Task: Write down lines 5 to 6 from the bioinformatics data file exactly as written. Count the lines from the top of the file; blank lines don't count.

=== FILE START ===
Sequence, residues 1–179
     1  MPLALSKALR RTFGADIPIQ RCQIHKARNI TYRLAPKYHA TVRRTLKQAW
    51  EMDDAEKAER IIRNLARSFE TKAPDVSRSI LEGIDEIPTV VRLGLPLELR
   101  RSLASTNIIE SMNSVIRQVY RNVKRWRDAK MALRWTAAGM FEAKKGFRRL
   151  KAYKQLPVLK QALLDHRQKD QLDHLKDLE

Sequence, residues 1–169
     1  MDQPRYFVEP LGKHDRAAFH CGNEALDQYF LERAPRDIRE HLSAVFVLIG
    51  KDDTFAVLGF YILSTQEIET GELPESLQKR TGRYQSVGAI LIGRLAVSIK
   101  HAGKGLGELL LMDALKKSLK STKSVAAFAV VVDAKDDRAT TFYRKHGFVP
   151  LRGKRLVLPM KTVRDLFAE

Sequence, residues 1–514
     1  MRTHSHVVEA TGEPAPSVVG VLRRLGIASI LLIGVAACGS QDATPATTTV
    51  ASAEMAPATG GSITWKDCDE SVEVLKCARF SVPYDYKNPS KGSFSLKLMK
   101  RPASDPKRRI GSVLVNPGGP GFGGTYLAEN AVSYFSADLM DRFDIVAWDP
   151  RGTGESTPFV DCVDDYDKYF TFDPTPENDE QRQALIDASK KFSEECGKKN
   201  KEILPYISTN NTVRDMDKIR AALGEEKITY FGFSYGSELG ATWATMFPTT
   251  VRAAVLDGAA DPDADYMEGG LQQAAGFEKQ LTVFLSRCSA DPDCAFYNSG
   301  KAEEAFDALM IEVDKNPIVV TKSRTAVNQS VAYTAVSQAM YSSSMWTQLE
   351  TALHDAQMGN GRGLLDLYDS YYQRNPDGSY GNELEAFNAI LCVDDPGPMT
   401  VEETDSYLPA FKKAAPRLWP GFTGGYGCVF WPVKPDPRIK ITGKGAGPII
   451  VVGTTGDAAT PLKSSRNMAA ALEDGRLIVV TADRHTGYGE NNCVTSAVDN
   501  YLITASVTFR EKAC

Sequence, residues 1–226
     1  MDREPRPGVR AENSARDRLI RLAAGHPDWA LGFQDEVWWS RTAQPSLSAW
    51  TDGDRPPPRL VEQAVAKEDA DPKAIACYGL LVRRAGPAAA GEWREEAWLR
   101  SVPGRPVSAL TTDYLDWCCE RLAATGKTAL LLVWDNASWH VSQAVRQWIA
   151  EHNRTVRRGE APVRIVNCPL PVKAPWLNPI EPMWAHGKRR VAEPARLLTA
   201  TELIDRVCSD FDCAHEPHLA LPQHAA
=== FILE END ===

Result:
   151  KAYKQLPVLK QALLDHRQKD QLDHLKDLE

Sequence, residues 1–169